This Court, in construing the words of Maryland's statute of limitations — "the time the cause of action accrued" — in cases not involving malpractice has recognized the theory of the continuation of events, only the last of which starts the running of the statute. In W., B. & A. Elec. R.R. Co. v. Moss, 130 Md. 198, 204-05, in which compensation was sought for services rendered over a period of time, the Court said:

"The general rule seems also settled that in the computation of the statutory period, in cases where there is an undertaking which requires a continuation of services, or the party's right depends upon the happening of an event in the future, the statute begins to run only from the time the services can be completed or from the time the event happens."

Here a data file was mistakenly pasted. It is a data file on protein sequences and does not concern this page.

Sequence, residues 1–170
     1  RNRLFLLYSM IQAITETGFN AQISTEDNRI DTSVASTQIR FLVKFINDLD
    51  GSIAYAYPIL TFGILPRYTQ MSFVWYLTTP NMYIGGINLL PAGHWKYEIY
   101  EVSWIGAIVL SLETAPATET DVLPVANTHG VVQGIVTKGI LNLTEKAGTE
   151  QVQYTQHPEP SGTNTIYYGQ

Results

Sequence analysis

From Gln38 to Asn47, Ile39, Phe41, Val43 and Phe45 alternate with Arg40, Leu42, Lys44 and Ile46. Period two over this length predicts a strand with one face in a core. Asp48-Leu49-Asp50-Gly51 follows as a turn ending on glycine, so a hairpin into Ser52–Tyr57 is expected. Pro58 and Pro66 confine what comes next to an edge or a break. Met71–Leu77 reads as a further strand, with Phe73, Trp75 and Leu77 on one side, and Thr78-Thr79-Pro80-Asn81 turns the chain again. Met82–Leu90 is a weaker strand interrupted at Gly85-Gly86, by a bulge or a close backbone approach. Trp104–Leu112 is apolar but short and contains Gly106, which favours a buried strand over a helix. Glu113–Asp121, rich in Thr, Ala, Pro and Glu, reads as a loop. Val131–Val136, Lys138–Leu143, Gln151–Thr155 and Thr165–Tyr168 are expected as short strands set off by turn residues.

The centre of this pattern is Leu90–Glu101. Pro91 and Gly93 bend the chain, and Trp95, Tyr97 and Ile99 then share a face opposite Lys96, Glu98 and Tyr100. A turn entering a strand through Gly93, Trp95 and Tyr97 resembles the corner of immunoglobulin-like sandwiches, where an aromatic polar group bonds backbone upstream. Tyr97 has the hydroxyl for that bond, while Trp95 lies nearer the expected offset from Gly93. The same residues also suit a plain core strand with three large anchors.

In Vincent v. Palmer, 179 Md. 365, 374, a suit by an employee for a share of the profits under an agreement to pay them, the Court said:

"* * * the statute begins to operate at the time the cause of action becomes vested and enforceable, not from the time of the making of the promise. * * * Where a contract does not mention the period of employment, and the claim of the employee is based upon `continuous employment,' indicating one entire contract, even though the work may be interrupted from time to time, the statute will not run until the completion of the contract."

In our view, if the facts show continuing medical or surgical treatment for a particular illness or condition in the course of which there is malpractice producing or aggravating harm, the cause of action of the patient accrues at the end of the treatment for that particular illness, injury or condition, unless the patient sooner knew or reasonably should have known of the injury or harm, in which case the statute would start to run with actual or constructive knowledge.